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Page 00000112 Sound Modeling of Transient and Sustained Musical Sounds Ystad S0lvi, Guillemain Philippe and Kronland-Martinet Richard CNRS - Laboratoire de M6canique et d'Acoustique 31, Chemin Joseph Aiguier 13402 Marseille France Abstract This paper describes a general synthesis model of sounds based on the combination of physical and signal models. This model allows the synthesis of both transient and sustained sounds and at the same time, takes into account both physical and perceptive criteria. Moreover, it can be used to resynthesize natural sounds by following a certain procedure described in this paper. I - Introduction In this paper we give the "recipe" of the step by step construction of a sound model adapted to "sourceresonant" instruments. The model consists in two main parts:: the "excitator", represented by a signal model and the "resonator", represented by a waveguide model. The combination of these models leads to a very general synthesis process which is well adapted to transient and sustained sounds generated by most musical intruments. Moreover, one can use this model to resynthesize a given natural sound or to simulate a virtual instrument. The theoretical linear wave equation in the medium -the vibrating material which constitutes the instrument- is a good starting point to construct the resonator part of the "instrument". Actually, the solution gives an indication of the theoretical behavior of the resonant modes (frequency, damping factor). We have calculated the response in one point of a one dimensional mechanical and/or acoustical system excited by an impulse. To compare the theoretical results with the real case, the sound from the instrument excited by an impulse should then be recorded and analyzed. Time-frequency analysis should be used for this purpose. The theoretical knowledge of the behavior of the modes makes it possible to construct a matched analysis method for extracting the amplitude and frequency modulation laws of each component of the signal. The experimental values of the modes can then be used to construct a waveguide model simulating the medium in which the waves propagate. For sustained sounds the source is extracted from the signal by deconvolution. Then it is divided into a deterministic and a stochastic part by an adaptive filtering method (LMS). These parts are then modeled independently. The evolution of the deterministic part of the signal as a function of the dynamic level of the sound often indicates a nonlinear behavior. This part is therefore modeled using waveshaping synthesis methods. The Tristimulus criterion makes it possible to find out how the index of distorsion should be varied to get a spectral evolution of the synthetic signal which, from a perceptive point of view, is similar to that of the real signal. A relation between the control from the player -for example the input pressure for wind instruments- and the index of distorsion can then be found. The stochastic part of the source signal is modeled by constructing filters which give the same power spectral density and the same probability density of the real and the synthetic signals. Finally, the waveguide model and the signal model can be associated to make a very general sound simulator which can rather easily be piloted by an interface indicating the note played (fundamental frequency) and the control of the play (air pressure, pressure of the bow...). This hybrid model has been used to resynthesize guitar and flute sounds, showing its accuracy to generate both sustained and transient musical sounds. II - The hybrid model To elaborate a sound synthesis model of a musical instrument one has to consider its resonator which constitutes the vibrating part of the instrument (air beam, vibrating plate or strings etc...) and its excitator (hammer, air jet,...) with which the player creates the sound. The resonator generally is a bounded medium in which a system of stationary waves can take place. It is excited by the excitator system which also plays the role of an energy generator for sustained sounds. The waves generated this way create partials which make the richness of the sound. To be complete, we could also consider a third part, the role of which is to adapt the impedance between the propagation medium and the air and which radiates the energy. However, we shall suppose that up to a linear filtering taking into account this last part, it will be sufficient to suppose that our model constitutes only two elements, namely the resonator and the excitator. From a physical point of view the excitator and the resonator can generally not be separated, since they are interacting. It is however convenient and often -112 - ICMC Proceedings 1999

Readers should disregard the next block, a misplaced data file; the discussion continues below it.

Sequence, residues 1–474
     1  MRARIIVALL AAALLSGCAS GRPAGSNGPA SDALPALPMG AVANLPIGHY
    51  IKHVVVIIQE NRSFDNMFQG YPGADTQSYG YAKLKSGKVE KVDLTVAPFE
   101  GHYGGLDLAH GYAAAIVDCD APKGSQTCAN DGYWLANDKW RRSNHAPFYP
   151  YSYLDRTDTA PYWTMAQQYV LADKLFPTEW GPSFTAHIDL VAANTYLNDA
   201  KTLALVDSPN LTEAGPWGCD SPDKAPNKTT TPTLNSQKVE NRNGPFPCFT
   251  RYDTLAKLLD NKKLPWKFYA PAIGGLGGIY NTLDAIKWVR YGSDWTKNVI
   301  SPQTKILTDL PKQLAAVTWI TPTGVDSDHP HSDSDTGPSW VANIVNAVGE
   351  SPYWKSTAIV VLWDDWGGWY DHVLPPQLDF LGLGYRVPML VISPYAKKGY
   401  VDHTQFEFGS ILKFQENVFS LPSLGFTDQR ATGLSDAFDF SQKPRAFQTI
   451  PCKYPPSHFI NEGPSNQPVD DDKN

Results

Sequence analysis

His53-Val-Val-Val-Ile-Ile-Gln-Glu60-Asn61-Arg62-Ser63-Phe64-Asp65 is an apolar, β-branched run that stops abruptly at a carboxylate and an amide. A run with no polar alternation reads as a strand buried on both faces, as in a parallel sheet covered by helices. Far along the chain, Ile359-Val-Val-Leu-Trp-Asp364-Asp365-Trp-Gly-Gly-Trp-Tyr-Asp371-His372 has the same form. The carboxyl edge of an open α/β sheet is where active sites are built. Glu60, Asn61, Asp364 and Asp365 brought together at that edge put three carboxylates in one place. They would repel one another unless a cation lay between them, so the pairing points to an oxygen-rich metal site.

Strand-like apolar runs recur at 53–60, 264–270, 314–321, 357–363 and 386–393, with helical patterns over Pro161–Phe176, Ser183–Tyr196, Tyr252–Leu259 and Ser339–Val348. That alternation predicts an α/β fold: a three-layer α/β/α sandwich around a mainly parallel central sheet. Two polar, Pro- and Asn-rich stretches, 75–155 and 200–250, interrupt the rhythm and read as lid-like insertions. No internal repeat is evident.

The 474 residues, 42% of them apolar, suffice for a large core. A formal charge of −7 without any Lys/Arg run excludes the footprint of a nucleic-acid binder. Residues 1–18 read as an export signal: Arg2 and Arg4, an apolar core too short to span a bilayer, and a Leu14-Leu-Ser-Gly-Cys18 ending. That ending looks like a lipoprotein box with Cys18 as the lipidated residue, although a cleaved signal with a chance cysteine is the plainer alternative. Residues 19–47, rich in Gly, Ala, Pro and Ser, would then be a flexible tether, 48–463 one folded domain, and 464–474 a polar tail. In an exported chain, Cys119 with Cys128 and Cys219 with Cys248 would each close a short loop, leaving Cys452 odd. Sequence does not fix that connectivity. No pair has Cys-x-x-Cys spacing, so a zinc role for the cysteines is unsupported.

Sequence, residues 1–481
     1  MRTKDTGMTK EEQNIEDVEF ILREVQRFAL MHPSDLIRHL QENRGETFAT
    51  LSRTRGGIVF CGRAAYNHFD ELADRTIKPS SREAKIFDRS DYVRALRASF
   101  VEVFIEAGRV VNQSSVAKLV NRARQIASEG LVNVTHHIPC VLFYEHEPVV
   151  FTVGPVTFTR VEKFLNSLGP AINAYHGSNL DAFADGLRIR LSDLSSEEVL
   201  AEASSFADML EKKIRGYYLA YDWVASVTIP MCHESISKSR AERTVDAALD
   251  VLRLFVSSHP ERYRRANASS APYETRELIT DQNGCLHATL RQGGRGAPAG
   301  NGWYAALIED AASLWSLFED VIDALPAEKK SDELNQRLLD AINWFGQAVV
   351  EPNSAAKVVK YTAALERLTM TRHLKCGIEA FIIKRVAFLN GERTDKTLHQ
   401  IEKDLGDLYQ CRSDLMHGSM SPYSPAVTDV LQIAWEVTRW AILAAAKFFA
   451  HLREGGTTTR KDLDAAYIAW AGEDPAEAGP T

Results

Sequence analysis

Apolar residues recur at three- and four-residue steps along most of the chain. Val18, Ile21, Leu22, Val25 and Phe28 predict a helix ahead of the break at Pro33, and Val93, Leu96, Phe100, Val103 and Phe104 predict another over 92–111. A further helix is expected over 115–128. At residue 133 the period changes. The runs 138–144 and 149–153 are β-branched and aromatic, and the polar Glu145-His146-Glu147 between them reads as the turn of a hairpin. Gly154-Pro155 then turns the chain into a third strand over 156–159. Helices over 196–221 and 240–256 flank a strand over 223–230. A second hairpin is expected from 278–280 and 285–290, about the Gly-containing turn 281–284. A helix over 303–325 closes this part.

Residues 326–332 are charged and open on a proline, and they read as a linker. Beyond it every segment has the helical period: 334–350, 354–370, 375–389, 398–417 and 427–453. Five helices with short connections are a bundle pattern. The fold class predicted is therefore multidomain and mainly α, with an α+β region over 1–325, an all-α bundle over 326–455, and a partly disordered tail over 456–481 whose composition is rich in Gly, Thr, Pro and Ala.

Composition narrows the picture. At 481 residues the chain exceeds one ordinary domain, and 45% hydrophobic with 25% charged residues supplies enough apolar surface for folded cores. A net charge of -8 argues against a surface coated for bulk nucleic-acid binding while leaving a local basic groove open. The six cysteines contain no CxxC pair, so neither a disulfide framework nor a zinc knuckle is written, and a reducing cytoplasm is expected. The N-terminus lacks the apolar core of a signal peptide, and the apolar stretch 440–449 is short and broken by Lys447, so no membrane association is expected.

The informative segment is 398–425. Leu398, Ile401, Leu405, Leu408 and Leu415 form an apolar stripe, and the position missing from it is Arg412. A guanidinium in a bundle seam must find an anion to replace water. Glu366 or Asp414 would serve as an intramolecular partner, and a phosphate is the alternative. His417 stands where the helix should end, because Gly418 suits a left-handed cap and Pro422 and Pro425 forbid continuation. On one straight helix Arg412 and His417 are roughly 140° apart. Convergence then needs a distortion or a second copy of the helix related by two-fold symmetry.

Page 00000113 sufficient to assume that they are independent. As a consequence, source-resonant models can simulate a great number of instruments. A natural model for the resonator is the so-called waveguide model. Such a choice is easy to justify: its definition incorporates filters which directly describe the propagation in a bounded medium. Such a model also allows the construction of interfaces closely related to real instruments. What the excitator is concerned, it has to take into account non-linear phenomena sometimes due to the interaction between the excitator and the resonator -like the interaction between string and bow or hammer-. These phenomena give a brightness of the sound which depends on the intensity of the excitation. Such physical phenomena are difficult to describe and we have therefore chosen to use signal models to simulate the perceptive effect produced by the excitation signal. The parameters of these models can then be estimated using perceptive criteria. By combining this synthesis model which represents the excitation and the waveguide model which represents the resonator, we obtain what we have called a "hybrid" model. II.1 - Modeling the resonator The study of the theoretical linear wave equation in the medium gives us an indication of the behavior of the modes in the resonator. By calculating the response in one point of a one-dimentional mechanical or acoustical system excited by an impulse, we find that it consists in a sum of sinusoidal functions exponentially damped [Sneddon, 1951]. To simulate this behavior we have chosen to use a waveguide model [Smith, 1992] consisting in a looped system with a.delay line and a filter taking into account dispersion, dissipation and boundary conditions (figure 1). Actually, this system generates waves consisting in a sum of exponentially damped sinuso'ds [Ystad et al., 1996] and is consequently well adapted to the simulation of the behavior of the waves in the medium. Input Output filter figure 1: waveguide model used to simulate the resonant part of the instrument II.2 - Modeling the excitation As already mentioned, the excitator and the resonator can generally not be separated, since they are interacting,, It is however convenient and often sufficient to assume that they are independent. Since the resonator is considered as a linear system, the source can be identified by deconvolution. The transfer function of the physical waveguide model being an all-pole filter, this is a legitimate operation. In the flute case for example, the source signal resulting from this operation contains both spectral lines and a broadband noise. To synthesize this signal, it is convenient to split it in two contributions [Serra, 1989]: a deterministic and a stochastic component. This is done using an adaptive filtering method [Widrow,1985] [Ystad 1998]. 11.2.1 - The deterministic contribution By considering the spectral evolution of the deterministic contribution, we generally find that it behaves non-linearly, since its spectral components evolve differently as the dynamic level changes. To model this non-linear behavior, we have chosen to use waveshaping synthesis [Arfib, 1979] [Lebrun, 1979]. This method consists in "distorting" a sinusoidal function with a variable amplitude I(t) called the index of distortion by a non-linear function Y. The generated signal s(t) can then be written: s(t)-y(I(t)cos(ot)) 11.2.2 - The stochastic contribution To model the stochastic part of the source signal, one suppose the process to be stationary and ergodic. The noise can then be described by its power spectral density and its probability density function. From a perceptive point of view the coloring of the noise is mainly related to the Power Spectral Density. By linear filtering one can then generate a noise corresponding to the instrument we want to simulate. 11.3 - Combining the models: the hybrid model By combining the source model with the physical model simulating the behavior of the waves during propagation in the medium, a very general sound model can be constructed. In figure 2 we can see how the two models can be combined and piloted by an appropriate interface. Here we have supposed that the source and the resonator are uncoupled. Completely new interfaces can be constructed to pilot such models, or traditional instruments with sensors like the flute interface described in these proceedings [Ystad et al. 1999]. Driving - Interface Physical control Interpretation State Interpretation S Excitator _ Resonator Signal model Waveguide model SSound Fi.ure 2: A hybrid model and its interface ICMC Proceedings 1999 - 113 -